Solar Panels Are Great News for Schools, Say Wool Pupils
Friday 4 July, 2014
Wool Church of England VA primary school is one of three local schools to have benefited from the installation of...
Pupils and teachers alike have welcomed in the summer with the installation of a total of 48 solar panels on the roofs of their three schools in Wool and Bovington, in Dorset.
Good Energy funded the three solar installation projects – and a similar installation for the nearby D'Urberville community hall – as a way of saying 'thank you' to the area for hosting Woolbridge Solar farm, the company's first-ever solar farm development. The Woolbridge site was completed last month (June) and has already started generating electricity.
“We take our duty as a responsible developer really seriously,” explained Good Energy's Hugo House.
“Wherever we're involved in building green energy projects like this, we always look for ways to deliver meaningful benefits to the local community and encourage it to be part of our renewable energy journey.
“So it's great that we've been able to work with three schools and the local community centre to install solar panels. These will not only help provide power for each organisation, they'll also provide an additional income as they will be paid for every unit of electricity they generate.”
He added: “For the schools, this is a great way of bring science and the big debate about energy into the classroom, as children can discover first-hand how electricity is produced.”
Wool Church of England VA primary school is one of three local schools to have benefited from the installation of solar panels courtesy of 100% renewable electricity company Good Energy.
The headteacher at Wool CE VA school, Mrs Lesley Paxton-Khanal, said: “We are thrilled to have been supplied solar panels by Good Energy. Our school recently became a primary school as part of the Purbeck re-organisation and as a result, we had a year of building works to make our school more 'fit for purpose'.
“As a small village school there is never any money spare, so we jumped at the chance to have solar panels fitted. Having solar panels is totally in keeping with our school's 'green' approach and as an Eco School, this adds a new dimension to our teaching of renewable energy.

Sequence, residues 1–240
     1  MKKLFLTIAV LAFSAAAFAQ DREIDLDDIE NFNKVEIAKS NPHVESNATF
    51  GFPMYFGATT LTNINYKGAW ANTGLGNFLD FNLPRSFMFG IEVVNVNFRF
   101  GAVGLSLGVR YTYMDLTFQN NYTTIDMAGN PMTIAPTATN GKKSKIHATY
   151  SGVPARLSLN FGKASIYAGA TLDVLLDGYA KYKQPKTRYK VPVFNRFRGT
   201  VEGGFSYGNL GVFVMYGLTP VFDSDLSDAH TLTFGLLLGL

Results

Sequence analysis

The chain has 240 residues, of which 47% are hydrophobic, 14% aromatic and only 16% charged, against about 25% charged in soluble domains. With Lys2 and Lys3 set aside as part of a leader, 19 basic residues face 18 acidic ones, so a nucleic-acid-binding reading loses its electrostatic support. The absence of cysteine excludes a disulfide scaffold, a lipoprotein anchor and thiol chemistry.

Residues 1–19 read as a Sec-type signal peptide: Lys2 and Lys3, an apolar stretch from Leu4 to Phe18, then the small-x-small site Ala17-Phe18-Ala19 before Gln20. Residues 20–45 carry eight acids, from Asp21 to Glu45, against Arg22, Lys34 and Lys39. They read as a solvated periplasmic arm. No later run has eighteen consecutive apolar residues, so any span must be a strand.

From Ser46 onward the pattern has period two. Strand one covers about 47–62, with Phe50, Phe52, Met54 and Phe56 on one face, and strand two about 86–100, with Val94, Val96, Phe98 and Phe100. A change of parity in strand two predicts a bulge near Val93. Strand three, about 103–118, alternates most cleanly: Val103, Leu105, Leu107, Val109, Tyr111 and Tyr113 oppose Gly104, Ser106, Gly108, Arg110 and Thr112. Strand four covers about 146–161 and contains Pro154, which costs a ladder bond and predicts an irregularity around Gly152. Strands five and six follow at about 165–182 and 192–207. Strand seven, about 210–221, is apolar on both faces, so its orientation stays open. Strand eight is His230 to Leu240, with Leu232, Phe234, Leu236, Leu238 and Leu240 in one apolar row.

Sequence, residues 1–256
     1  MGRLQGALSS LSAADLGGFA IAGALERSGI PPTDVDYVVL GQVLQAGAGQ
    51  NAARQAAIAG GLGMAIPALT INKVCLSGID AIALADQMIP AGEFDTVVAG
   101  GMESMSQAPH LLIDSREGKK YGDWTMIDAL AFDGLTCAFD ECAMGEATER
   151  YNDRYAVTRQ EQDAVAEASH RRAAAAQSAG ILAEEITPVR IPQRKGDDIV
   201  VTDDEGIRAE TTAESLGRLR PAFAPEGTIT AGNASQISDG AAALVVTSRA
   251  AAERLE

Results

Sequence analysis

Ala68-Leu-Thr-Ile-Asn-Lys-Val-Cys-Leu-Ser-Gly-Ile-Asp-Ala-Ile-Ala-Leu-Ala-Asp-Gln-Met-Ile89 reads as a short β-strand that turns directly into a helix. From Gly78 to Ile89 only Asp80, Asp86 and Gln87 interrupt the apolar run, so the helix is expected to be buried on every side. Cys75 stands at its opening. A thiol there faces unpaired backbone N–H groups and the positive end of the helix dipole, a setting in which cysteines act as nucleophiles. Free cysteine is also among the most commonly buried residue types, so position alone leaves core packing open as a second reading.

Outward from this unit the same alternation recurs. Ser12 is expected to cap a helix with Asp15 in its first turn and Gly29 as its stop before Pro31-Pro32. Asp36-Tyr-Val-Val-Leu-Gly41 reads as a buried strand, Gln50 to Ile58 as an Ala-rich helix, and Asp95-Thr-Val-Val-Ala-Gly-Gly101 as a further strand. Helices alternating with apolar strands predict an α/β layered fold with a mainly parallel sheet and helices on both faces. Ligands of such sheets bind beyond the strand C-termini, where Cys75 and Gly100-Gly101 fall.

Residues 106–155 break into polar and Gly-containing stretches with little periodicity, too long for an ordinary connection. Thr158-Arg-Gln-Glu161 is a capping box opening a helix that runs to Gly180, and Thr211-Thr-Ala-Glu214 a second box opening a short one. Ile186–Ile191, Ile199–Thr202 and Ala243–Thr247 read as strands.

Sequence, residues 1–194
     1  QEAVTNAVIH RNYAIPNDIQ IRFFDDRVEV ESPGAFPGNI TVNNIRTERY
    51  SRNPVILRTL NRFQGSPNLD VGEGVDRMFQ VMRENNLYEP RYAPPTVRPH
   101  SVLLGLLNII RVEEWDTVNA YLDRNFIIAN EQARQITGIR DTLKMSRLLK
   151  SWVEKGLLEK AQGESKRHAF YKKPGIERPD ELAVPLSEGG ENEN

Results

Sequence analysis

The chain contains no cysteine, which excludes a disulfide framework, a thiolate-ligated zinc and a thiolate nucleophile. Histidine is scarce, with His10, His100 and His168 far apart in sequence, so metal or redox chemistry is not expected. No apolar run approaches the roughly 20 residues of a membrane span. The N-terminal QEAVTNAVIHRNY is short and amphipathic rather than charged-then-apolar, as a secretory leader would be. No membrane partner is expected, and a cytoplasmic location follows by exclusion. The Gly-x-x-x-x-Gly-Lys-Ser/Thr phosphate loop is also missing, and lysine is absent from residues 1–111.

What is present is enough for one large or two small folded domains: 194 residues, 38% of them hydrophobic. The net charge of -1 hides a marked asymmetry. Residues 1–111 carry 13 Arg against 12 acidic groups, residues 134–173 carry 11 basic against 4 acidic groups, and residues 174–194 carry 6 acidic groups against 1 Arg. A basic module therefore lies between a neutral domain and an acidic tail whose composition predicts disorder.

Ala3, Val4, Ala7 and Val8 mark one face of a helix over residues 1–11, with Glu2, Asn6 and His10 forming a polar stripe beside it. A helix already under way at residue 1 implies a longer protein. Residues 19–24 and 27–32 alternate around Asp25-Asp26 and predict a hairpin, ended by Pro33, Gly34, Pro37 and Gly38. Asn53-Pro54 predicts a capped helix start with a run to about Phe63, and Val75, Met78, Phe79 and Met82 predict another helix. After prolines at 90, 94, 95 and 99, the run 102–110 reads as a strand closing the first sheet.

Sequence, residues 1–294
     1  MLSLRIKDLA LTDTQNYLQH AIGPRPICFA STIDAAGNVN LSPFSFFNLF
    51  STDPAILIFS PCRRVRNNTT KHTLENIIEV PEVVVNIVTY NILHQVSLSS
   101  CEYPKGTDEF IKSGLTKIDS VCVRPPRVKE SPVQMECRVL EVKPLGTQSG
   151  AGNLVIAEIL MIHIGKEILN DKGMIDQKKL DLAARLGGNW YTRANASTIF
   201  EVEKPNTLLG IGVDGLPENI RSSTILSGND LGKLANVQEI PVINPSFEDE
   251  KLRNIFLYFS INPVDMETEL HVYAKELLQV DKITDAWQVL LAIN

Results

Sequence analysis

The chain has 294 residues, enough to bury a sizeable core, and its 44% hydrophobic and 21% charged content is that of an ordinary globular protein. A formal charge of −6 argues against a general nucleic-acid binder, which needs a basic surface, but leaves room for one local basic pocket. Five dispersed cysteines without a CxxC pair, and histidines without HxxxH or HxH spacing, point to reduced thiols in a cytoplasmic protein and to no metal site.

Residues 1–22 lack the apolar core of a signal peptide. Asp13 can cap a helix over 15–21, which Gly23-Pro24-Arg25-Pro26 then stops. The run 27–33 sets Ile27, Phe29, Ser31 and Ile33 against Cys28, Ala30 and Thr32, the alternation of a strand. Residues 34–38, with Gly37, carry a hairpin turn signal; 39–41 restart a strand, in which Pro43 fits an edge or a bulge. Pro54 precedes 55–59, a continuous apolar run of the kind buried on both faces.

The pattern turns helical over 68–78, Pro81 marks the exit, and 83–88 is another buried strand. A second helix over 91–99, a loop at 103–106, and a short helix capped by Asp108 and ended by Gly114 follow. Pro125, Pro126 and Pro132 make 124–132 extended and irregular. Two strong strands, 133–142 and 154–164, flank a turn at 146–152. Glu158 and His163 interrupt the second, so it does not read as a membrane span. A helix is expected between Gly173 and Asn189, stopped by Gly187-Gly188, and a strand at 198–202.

“This, coupled with the future savings to be made on our energy bills, leads us to say a big THANK YOU! to Good Energy.”
It is estimated that the panels installed at the school will generate around 3,560kWh of electricity each year, saving several hundred pounds in energy costs and saving the equivalent of around 2,000kg of CO2..
“This means the school can generate cleaner, greener electricity as well as saving money,” said Hugo.
The two other schools which have also benefited from the installation of solar panels are Bovington Primary School and St Mary and St Joseph's Primary School.
- Ends -
Notes to Editors:
Good Energy's new solar farm at Tout Hill, near Wool, started generating electricity for the first time in mid-June.
The 5MW site in Dorset is the company's first solar farm and will generate enough electricity to power around 1,300 homes. Planning permission for the site was received at the end of 2013 and construction on the 34-acre, three-field site began in April 2014.
In the autumn, wildflower seeds will be sown across the site, and later, Good Energy plans graze sheep between the panels, demonstrating that agriculture, renewable energy production and biodiversity can work side by side.
In addition to Good Energy's funding of the solar panel installations, the parishes of East Stoke and Wool will benefit from an annual £5,000 community fund, to be administered by a charitable trust set up by local people. The local community will be able to apply for funding and the trustees will award the money to those projects they judge as best serve the needs of the community.
An additional sum of £10,000 is being given to East Stoke to support its plans to build a village hall.
Press release distributed by Pressat on behalf of Pressat Wire, on Friday 4 July, 2014. For more information visit http://www.pressat.co.uk/
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